Stubborn? Say rather mule-headed. Obstinate, almost to the point of delusion. The worst part is, on some level, I always knew it, so let’s get this out in the open—I hate marketing, and therefore I suck at it. Specifically, promoting my own work. I clung to the myth which goes something like this: work hard, do your best, put your work out there, and people will find it.
This is rubbish. There is so much good (and bad) fiction out there that even a voracious reader can never get to it all. It’s a reader’s paradise but a writer’s? Not so much. Any one writer, good or bad, is one drop in a flood. Maybe the readers will find you, maybe they won’t. Some will, and I’m grateful for all the ones who have, but for the most part that’s been pure luck.
One reason I stopped going to sf/f conventions back when I lived in Mississippi was that I realized, as business goes, and considering how far away most of the better ones were, it was a considerable waste of time and money. As much as I enjoyed meeting online friends, I simply couldn’t justify the expense, because I really suck at networking and self-promotion, and pretty much all the other business-related reasons for attending. I’ve watched friends who have the gift working a dealer’s room and I can only stare in awe, as I usually do when admiring someone who can easily do something I can’t do at all. It is actively painful for me to even attempt it.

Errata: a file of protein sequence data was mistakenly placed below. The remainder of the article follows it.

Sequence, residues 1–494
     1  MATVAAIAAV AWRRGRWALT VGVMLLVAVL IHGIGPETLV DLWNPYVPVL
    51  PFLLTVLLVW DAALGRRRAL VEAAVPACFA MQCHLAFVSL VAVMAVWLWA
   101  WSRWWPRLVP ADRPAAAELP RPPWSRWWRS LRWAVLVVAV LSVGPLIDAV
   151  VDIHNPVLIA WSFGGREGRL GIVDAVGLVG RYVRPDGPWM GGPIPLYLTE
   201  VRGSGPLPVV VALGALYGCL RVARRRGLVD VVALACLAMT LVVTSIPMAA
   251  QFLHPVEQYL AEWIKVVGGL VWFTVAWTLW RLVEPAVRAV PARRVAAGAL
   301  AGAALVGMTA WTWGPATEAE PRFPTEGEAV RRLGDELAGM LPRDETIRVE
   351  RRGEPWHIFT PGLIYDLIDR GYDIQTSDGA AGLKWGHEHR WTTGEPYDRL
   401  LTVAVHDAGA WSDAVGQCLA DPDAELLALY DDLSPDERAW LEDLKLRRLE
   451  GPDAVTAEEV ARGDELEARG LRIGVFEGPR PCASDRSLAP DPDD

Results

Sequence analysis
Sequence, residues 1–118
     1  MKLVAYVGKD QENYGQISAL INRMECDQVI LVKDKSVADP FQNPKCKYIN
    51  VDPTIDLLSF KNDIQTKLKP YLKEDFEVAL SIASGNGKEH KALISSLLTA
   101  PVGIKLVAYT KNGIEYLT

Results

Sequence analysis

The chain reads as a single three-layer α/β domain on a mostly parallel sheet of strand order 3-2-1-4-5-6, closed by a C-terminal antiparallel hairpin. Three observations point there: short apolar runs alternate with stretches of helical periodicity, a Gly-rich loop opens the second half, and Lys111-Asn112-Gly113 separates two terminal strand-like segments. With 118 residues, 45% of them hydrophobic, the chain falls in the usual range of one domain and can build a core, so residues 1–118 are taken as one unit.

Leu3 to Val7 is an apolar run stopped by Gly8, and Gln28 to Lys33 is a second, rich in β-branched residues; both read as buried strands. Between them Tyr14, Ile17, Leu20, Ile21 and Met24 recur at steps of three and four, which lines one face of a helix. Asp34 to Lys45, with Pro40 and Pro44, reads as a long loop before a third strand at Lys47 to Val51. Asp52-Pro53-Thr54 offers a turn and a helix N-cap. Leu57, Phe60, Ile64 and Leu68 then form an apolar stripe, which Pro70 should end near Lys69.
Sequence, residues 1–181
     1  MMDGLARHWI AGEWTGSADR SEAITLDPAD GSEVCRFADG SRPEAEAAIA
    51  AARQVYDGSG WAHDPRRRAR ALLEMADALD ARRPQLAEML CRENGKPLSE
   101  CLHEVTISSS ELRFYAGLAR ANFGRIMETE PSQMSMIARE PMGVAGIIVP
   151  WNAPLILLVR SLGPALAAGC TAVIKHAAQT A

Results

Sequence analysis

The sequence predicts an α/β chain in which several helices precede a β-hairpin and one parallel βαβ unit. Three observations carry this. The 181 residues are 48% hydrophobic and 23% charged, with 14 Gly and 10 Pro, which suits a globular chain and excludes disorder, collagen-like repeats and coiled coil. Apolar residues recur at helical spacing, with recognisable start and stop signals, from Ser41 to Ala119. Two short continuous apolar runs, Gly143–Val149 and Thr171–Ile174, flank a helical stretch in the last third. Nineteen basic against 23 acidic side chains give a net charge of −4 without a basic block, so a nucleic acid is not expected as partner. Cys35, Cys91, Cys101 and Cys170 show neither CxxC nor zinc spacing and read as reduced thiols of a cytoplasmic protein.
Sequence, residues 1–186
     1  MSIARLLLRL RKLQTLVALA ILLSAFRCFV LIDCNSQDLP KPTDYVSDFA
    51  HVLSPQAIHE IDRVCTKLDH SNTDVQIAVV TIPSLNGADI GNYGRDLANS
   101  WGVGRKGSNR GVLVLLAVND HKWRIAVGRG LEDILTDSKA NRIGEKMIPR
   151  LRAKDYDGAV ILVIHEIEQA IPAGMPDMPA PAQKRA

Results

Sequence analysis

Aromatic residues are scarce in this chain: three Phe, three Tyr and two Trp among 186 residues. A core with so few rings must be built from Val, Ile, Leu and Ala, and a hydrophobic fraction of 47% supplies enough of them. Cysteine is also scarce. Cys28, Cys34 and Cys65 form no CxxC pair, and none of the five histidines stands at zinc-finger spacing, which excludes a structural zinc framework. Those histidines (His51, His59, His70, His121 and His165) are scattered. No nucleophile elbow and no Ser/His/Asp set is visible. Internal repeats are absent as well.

I have to finally admit to myself there are things I can’t do. So, surely there are things I can? Maybe. I’ve realized that most of my online book descriptions are not, shall we say, first rate, regardless of the merits of the book. I’m speaking purely of the ones I’m in charge of, which I either handled myself or took over after the rights reverted. So I’m learning how to write ad copy (a different skill altogether) and do the kind of promotion I’m able to do. Old dog, new tricks, that sort of thing. Maybe it’ll work out, maybe not. Baby steps.
After all, the first step in solving a problem is admitting there is one.